What Childhood Stories Are You Replaying Today?

Lonely child looking at a group of children

(Image: charamelody)

Many years ago when I was a small child, there was a point when I thought I was going blind. I accidentally got soap into my eyes while showering and my eyes stung and smarted thereafter. I thought that the smarting would stop after I finished showering, but it didn’t. In fact, it became worse.

As a little kid, I was completely freaked out. I thought that I was going to lose my sight and become blind for the rest of my life.

Frantic, I bugged my mom, who was doing laundry then. I wanted her to take a look and assess the condition of my eyes. I wanted my mom to dash in, swoop me up (metaphorically), and let me know that I would be fine. I wanted my mom. I needed my mom.

So I tugged at my mom’s shirt in a bid to get her attention. “Mama, there’s something in my eyes,” I said. “Mama, there’s something in my eyes,” I repeated.

Alas, her response was not what I had hoped for. Instead of caring over me in a delicate, nurturing manner as I had hoped, my mom snapped at me in a highly agitated and annoyed tone.

“Stop disturbing me! Can’t you see that I’m very busy? Come and bother me later, alright?” she bellowed at me in Chinese as she tried to shake me off.

I was crushed. As a little child, I could not believe that my own mother would tell me that at a moment when I really needed her. There I was, looking to her for love and support at one of the scariest points of my life up till then, and there she was, refusing to acknowledge my cry for help.

My eyes turned out fine but my sense of self-worth, not so much.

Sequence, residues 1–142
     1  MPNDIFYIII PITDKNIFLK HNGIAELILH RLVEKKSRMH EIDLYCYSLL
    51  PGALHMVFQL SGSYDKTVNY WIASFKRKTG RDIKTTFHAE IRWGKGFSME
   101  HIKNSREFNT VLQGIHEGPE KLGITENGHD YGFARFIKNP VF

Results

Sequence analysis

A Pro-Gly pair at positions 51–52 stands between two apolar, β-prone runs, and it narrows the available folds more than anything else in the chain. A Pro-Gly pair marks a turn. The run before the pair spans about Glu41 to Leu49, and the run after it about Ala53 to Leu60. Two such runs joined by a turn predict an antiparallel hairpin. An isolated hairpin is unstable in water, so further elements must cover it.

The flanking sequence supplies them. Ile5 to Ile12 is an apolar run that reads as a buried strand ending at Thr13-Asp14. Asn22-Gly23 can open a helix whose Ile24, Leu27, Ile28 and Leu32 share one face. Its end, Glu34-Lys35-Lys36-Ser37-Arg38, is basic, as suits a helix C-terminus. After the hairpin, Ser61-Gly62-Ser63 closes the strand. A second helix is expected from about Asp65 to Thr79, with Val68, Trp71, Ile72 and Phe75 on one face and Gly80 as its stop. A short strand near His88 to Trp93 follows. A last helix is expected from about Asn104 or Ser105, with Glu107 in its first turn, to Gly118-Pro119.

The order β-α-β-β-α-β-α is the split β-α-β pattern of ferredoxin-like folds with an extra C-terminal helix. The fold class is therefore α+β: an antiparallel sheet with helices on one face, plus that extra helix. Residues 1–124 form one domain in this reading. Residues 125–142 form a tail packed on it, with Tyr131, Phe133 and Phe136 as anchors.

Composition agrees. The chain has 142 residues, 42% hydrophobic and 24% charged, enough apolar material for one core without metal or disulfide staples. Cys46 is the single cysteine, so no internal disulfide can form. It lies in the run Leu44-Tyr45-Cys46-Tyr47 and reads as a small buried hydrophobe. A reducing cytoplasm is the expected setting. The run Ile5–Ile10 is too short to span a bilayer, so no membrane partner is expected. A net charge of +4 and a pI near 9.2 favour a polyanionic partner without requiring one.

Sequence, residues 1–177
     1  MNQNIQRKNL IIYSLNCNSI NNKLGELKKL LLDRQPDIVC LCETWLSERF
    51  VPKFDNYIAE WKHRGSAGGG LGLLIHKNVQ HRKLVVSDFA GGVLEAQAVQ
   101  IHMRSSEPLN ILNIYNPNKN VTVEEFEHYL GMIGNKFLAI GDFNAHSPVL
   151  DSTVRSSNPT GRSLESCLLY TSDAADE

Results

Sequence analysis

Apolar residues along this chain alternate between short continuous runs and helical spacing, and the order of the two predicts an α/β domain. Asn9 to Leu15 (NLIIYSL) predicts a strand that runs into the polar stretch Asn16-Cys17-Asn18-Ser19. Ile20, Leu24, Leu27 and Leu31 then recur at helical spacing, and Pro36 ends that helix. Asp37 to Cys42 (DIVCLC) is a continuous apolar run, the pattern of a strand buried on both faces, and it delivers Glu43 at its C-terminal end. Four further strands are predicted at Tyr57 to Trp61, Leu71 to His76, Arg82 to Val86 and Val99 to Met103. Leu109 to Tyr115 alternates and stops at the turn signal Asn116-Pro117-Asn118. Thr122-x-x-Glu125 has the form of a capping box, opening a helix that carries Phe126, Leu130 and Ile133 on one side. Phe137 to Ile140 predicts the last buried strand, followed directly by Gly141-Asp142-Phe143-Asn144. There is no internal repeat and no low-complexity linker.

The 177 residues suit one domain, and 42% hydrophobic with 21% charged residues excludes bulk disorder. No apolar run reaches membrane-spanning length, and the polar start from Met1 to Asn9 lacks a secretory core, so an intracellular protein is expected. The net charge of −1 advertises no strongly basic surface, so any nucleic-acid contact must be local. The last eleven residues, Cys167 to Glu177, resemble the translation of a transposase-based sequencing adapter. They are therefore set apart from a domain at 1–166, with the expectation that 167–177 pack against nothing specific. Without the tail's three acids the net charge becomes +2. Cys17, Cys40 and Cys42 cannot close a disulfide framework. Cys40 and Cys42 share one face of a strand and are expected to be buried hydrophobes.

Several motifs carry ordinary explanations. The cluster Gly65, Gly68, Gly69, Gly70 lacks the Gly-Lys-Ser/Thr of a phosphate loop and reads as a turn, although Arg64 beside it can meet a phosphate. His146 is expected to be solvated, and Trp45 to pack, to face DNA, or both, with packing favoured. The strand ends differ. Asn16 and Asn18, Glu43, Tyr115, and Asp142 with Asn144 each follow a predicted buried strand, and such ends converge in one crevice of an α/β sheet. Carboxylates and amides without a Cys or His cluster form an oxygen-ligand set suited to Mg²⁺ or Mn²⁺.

That incident, along with years and years of the same behavior from my mom to me, instilled a subconscious belief that I was an unimportant person, not worthy of attention. I didn’t know it then, but it marked the starting point in my life where I would think of myself as an unimportant person in the world (usually subconsciously than consciously).

My thinking was that if I was so unimportant to my mom who was the most important person in my life (up until that point), then how important could I be to anyone else? And if my sight, which I regarded as my most important sense, could not even stack up against something as trivial as laundry, then what could ever be important about me?

I grew up having issues with being ignored, regardless of whether someone was really doing that or not. I grew up doubting my value (as a person) in others’ eyes, often concluding that people did not find me important enough whenever people did not respond to my correspondences or requests for help.

Childhood Stories

I just shared my story of how I came to have issues with being ignored and how I came to doubt my worth in others’ eyes. However, what I really want to talk about today is childhood stories.